Here in Jersey you don't necessarily need a photo on your driver's license. I think once you reach 21 years of age you can renew your license through the mail (which is what I do). Problem is if I go out of state and present it as an ID, I'm often asked why there isn't a photo on my license. I was carded once in a bar in Hawaii and my license was not an acceptable form of ID for this reason.

Topic: RE: US Citizens And Passports
Username: Airsicknessbag
Posted 2002-04-30 19:13:05 and read 1317 times.


OK, I didn´t know about those driving licence subsitutes - thanks PROSA and Hepkat for letting me know. Learn something new every day.

PROSA: those 1984-concerns were aired in Germany as well when the computer-readable plastic national ID was introduced. But I guess, despite the concerns, the world as we know it has NOT come to an end ever since  Laugh out loud ...

Hepkat, about those new credit card sized EU driving licences: I´m pretty sure they´re the same in all of Europe. They were introduced very recently (last year?), so they´re not very much circulated. Most people I know (including myself) still have the pink ones as well - mainly because a new one would cost them 24 EUR. So maybe you don´t know enough people who either lose their pink carnets or are newbie drivers?

Concerning nationality, could it be we have different definitions of "discrimination"? One point is that private persons can "discriminate" much more easily than the government. There are some limitations, but generally speaking a private person or company can choose whoever they do business with.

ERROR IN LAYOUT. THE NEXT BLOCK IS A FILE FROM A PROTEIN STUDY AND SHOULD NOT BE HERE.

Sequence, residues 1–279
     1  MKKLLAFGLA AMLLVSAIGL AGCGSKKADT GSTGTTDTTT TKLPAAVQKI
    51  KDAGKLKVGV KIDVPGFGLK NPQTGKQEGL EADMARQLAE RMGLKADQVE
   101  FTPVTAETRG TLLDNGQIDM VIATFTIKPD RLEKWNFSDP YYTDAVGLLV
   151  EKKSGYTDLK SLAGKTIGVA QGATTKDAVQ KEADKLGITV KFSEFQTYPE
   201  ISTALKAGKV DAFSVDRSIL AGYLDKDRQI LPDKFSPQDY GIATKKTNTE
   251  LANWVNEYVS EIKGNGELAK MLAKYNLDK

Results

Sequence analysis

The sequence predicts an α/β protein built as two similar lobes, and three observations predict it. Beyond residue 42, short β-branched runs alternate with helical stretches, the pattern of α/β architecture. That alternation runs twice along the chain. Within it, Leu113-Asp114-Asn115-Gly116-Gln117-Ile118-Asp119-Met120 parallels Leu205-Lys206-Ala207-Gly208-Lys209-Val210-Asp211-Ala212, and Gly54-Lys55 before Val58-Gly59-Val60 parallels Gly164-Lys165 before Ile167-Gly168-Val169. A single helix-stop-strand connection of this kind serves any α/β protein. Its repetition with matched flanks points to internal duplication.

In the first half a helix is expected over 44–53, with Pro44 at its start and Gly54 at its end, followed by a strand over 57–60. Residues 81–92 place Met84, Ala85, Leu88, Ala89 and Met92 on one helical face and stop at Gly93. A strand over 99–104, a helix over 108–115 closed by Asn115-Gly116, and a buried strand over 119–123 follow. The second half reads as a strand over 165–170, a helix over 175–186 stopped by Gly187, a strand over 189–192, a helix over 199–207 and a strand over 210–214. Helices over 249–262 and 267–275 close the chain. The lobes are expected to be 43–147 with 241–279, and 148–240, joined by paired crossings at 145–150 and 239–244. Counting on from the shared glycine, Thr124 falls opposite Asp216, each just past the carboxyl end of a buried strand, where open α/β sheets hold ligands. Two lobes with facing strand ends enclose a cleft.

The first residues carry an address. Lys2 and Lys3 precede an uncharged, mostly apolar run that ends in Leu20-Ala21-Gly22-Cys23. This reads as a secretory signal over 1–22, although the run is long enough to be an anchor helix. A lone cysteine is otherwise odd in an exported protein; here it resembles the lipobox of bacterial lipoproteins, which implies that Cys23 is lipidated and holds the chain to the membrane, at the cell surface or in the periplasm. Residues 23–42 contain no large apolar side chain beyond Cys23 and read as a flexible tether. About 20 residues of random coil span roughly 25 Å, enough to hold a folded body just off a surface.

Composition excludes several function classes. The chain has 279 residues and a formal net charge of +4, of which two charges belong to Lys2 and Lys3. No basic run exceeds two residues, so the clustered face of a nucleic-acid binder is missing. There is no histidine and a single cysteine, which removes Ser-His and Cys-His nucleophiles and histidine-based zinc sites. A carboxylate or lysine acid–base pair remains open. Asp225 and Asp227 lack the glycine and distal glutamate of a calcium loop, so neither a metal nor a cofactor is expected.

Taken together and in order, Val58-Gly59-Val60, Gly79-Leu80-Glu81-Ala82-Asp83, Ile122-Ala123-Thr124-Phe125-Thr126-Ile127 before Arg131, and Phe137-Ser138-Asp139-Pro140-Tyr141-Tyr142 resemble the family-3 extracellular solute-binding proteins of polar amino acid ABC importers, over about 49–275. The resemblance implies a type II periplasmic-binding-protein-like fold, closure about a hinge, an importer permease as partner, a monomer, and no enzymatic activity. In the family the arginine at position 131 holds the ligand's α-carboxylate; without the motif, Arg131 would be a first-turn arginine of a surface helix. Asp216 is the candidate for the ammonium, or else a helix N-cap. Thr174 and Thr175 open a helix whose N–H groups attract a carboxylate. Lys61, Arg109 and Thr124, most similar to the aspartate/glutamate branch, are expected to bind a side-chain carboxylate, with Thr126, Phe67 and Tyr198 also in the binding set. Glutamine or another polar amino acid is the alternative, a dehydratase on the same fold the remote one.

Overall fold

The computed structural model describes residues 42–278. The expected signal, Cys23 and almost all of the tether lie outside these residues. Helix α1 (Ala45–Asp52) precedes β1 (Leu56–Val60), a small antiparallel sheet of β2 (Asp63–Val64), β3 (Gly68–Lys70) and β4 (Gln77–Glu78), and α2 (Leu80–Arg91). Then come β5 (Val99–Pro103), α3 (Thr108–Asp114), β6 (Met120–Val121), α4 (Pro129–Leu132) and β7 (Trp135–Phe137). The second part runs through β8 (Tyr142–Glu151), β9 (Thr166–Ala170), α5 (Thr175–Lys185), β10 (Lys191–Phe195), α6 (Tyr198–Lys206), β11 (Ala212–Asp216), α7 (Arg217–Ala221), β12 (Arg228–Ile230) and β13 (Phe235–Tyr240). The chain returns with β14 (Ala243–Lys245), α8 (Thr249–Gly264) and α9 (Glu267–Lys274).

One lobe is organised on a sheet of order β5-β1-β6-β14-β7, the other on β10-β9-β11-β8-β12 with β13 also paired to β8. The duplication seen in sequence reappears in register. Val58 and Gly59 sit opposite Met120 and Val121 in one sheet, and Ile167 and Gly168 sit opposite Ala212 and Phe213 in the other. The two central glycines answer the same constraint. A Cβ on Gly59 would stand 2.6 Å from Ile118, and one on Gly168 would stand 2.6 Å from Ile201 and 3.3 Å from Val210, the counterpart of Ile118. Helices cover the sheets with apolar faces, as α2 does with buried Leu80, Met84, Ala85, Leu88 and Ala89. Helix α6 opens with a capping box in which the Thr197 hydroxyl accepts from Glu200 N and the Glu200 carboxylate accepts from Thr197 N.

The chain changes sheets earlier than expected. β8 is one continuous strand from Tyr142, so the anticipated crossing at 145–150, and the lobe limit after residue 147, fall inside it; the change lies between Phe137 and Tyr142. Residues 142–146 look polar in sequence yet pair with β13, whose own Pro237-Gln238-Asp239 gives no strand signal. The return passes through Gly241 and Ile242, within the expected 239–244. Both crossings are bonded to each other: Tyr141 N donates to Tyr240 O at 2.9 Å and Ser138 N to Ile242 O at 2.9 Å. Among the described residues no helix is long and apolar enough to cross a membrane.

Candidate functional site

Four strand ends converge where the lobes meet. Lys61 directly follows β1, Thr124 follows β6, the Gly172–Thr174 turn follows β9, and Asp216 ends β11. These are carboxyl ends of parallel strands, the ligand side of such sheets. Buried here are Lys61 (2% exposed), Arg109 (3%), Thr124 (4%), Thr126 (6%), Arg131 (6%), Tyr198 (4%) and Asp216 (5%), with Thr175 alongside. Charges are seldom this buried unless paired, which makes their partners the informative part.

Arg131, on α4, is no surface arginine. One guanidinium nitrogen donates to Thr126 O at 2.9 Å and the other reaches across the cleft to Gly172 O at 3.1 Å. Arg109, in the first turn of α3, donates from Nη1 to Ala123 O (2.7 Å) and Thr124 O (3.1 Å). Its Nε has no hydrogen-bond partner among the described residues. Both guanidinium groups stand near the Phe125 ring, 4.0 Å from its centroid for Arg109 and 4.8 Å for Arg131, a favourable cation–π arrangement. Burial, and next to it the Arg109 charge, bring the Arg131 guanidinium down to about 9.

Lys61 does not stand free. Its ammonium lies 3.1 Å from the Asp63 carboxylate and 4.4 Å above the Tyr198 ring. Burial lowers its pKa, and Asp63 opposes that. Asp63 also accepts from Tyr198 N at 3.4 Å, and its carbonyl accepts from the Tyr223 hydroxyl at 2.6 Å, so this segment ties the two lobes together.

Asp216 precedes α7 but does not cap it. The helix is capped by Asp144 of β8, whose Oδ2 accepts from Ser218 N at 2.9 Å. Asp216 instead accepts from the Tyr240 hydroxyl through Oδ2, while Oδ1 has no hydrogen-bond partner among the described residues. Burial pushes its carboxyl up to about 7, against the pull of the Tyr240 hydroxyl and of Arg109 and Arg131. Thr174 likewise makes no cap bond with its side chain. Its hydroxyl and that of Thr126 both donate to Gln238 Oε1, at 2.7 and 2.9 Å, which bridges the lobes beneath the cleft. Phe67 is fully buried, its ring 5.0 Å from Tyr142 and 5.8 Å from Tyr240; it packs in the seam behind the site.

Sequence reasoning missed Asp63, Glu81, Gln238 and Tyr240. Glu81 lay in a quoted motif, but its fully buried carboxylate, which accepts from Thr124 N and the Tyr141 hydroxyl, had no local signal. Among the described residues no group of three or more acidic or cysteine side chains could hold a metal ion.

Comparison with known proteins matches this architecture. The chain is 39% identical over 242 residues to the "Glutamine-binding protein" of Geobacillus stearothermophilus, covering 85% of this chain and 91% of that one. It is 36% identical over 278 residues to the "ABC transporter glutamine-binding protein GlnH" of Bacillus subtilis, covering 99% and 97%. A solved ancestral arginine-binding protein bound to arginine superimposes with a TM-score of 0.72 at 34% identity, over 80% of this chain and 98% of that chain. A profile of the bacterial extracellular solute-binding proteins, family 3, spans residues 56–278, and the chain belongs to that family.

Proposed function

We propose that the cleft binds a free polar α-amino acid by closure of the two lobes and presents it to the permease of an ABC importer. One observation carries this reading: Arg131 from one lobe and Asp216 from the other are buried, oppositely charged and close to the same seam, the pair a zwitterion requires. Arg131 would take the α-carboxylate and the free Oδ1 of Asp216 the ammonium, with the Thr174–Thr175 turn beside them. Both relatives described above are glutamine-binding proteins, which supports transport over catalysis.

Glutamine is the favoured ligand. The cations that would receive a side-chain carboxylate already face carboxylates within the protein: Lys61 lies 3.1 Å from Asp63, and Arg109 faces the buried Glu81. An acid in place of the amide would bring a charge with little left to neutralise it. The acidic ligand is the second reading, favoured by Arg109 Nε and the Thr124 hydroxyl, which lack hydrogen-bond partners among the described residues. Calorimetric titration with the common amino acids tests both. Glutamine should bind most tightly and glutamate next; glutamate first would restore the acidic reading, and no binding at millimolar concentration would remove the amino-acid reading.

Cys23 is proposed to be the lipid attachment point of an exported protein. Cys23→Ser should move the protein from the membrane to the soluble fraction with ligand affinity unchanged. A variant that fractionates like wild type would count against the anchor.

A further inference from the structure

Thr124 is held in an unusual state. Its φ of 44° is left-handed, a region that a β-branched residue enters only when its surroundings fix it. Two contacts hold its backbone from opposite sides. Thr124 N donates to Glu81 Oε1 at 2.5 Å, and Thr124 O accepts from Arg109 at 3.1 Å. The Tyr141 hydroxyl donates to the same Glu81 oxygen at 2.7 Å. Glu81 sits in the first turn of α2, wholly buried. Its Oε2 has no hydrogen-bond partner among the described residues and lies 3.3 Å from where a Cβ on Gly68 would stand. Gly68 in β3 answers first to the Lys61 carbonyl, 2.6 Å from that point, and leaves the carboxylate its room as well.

And the other point is, I don´t really see how a civilised country (i.e. the US, Austria, Germany...) would possibly even try to discriminate against non-nationals. And not every form of different treatment is discriminatory: imagine I wanted to run for US president - I couldn´t, for being a) under 35 and b) not US citizen by birth - does that mean the US discriminates against both foreigners and even naturalised citizens?

Daniel Smile

Topic: RE: US Citizens And Passports
Username: Airsicknessbag
Posted 2002-04-30 19:16:06 and read 1310 times.

btw, if anyone wonders what that "national ID card" stuff is about, check out this
http://www.airliners.net/discussions/non_aviation/read.main/217283/
thread for the German version (Matt86´s posting).
Daniel Smile

Topic: RE: US Citizens And Passports
Username: Klaus
Posted 2002-04-30 19:26:29 and read 1304 times.

Doing long-term business with foreigners can be tricky; You need to keep track of all the legal implications with the foreign country´s legal system. I´m not surprised that the issue pops up once in a while. It shouldn´t become a major problem, though.

I´d have a lot more problems with not having any protection of my private data ("Find out everything about anyone!").

Topic: RE: US Citizens And Passports